Cyber-Speed and Scholastic Success: The Effect of Internet Inequality on Education during the COVID-19 Pandemic

University essay from Handelshögskolan i Stockholm/Institutionen för nationalekonomi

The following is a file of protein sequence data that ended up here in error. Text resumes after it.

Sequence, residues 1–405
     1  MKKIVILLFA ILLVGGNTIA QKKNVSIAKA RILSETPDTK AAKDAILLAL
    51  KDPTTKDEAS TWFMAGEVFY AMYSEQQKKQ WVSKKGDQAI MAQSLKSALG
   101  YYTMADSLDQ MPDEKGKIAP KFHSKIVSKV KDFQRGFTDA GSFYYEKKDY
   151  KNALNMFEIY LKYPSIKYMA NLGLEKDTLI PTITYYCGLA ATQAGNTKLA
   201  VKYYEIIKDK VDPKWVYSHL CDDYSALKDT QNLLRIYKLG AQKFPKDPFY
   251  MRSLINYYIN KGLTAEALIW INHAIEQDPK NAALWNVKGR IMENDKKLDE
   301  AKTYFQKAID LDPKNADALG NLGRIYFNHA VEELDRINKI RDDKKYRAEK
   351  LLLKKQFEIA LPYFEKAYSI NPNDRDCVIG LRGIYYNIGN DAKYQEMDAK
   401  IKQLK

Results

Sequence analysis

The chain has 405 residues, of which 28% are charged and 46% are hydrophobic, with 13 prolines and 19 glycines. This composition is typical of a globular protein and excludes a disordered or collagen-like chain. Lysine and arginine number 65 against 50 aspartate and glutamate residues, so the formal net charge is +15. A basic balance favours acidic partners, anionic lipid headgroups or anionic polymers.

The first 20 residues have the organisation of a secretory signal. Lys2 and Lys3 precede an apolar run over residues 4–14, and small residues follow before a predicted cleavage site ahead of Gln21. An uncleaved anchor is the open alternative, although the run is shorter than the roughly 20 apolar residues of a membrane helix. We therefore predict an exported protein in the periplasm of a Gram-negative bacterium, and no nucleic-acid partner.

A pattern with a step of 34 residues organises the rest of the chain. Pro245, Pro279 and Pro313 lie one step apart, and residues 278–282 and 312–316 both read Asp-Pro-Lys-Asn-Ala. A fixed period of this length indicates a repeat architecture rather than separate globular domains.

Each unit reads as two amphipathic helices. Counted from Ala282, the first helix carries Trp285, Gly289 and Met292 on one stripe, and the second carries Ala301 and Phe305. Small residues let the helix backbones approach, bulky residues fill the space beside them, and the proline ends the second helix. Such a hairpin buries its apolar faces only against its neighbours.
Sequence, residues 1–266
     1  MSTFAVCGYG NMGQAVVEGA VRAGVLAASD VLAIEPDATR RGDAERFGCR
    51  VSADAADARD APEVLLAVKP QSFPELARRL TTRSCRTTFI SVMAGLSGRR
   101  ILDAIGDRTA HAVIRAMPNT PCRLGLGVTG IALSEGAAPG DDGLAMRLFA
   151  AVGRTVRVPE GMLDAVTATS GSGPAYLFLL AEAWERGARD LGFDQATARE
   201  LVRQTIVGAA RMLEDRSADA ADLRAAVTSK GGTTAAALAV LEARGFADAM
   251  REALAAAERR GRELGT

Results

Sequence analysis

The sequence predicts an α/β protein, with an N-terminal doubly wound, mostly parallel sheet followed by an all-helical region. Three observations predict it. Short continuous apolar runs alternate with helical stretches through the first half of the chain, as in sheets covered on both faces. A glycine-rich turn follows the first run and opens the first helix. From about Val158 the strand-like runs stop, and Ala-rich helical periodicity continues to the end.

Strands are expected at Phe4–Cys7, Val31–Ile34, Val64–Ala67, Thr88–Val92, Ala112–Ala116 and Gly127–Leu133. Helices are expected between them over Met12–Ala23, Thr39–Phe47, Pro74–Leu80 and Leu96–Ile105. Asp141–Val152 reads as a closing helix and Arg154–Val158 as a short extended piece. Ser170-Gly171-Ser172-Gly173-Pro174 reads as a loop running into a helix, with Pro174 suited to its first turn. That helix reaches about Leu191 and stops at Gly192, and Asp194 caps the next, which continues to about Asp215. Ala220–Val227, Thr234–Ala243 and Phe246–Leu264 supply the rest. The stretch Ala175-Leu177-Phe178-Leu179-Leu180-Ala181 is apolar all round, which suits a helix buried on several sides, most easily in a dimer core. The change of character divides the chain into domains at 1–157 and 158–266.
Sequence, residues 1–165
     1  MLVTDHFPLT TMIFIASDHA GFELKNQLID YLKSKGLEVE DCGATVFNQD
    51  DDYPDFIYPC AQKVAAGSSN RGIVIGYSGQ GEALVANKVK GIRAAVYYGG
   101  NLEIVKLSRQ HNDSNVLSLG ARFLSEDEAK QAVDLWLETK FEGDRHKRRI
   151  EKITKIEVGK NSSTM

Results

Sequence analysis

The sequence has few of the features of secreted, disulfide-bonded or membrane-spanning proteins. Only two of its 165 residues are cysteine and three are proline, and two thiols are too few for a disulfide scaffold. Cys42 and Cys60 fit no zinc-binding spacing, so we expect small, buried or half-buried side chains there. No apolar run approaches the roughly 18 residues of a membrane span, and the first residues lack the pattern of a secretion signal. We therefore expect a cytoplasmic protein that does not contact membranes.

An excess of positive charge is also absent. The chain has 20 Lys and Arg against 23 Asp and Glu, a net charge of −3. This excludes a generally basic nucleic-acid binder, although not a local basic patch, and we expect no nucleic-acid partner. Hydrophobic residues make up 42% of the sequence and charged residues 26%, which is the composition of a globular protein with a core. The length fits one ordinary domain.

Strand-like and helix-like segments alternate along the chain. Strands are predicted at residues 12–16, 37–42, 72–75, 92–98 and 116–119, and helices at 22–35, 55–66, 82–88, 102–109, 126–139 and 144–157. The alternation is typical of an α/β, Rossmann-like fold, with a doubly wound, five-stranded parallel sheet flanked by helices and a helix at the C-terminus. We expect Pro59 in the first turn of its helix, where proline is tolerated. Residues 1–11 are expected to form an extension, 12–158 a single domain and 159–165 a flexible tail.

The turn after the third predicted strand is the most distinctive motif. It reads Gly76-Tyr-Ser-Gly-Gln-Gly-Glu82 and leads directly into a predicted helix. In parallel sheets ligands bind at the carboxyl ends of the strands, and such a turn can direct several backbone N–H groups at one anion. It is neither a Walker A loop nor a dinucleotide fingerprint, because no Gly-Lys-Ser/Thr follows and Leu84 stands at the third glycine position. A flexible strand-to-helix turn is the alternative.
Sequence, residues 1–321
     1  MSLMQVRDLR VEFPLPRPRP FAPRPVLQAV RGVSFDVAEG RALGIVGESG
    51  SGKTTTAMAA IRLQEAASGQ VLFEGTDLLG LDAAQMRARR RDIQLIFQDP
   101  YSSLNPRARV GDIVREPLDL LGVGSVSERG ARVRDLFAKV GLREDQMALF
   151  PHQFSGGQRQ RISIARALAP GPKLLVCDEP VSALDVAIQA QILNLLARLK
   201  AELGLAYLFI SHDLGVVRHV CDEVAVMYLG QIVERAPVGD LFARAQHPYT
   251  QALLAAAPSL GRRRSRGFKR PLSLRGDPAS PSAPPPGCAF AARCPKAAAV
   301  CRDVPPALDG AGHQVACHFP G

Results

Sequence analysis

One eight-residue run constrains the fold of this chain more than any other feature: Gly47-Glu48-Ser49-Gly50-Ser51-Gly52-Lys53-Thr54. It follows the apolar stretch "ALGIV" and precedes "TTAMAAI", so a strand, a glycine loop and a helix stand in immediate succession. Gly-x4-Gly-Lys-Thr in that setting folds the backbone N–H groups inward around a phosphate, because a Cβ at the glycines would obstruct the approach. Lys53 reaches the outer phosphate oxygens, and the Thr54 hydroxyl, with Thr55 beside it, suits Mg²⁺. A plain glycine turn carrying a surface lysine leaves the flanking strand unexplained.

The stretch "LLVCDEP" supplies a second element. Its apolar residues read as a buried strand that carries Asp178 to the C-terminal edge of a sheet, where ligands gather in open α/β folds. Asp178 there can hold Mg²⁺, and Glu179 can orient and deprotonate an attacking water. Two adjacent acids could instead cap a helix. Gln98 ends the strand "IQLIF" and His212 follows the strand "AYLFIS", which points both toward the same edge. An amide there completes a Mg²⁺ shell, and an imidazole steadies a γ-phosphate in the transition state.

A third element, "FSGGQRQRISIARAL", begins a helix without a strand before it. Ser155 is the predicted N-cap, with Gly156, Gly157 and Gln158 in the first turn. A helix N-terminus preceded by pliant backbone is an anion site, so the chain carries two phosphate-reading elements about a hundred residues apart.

Abstract: Technology is an integral part of modern society, but not everyone has equal access or quality. While this inequity in technology, known as the digital divide, affects many aspects of people's lives, education is one prominent area. Researchers have found that unequal access to and knowledge of computers, the internet, and other technologies can lead to differences in education outcomes. Within this paper, I further the research about the effect of the digital divide on education by looking at internet inequality in the United States. Specifically, I look how at the shift to online distance learning affects the education of American students with differing internet quality, as opposed to access. For my analysis, I exploit the natural phenomenon of the COVID-19 global pandemic, which forced in-person schools to shift to online learning in late March of 2020. Using two difference-in-differences specifications, I explore the effect of internet quality, proxied by county-level median download speed, on three education outcomes: ACT scores, AP test scores, and graduation rates. I find that there is a significant effect of internet inequality on graduation rates, suggesting that students with low-quality internet are disproportionately affected by the shift to online learning in 2020 relative to the previous years. I find no significant effect on ACT scores or AP test scores.

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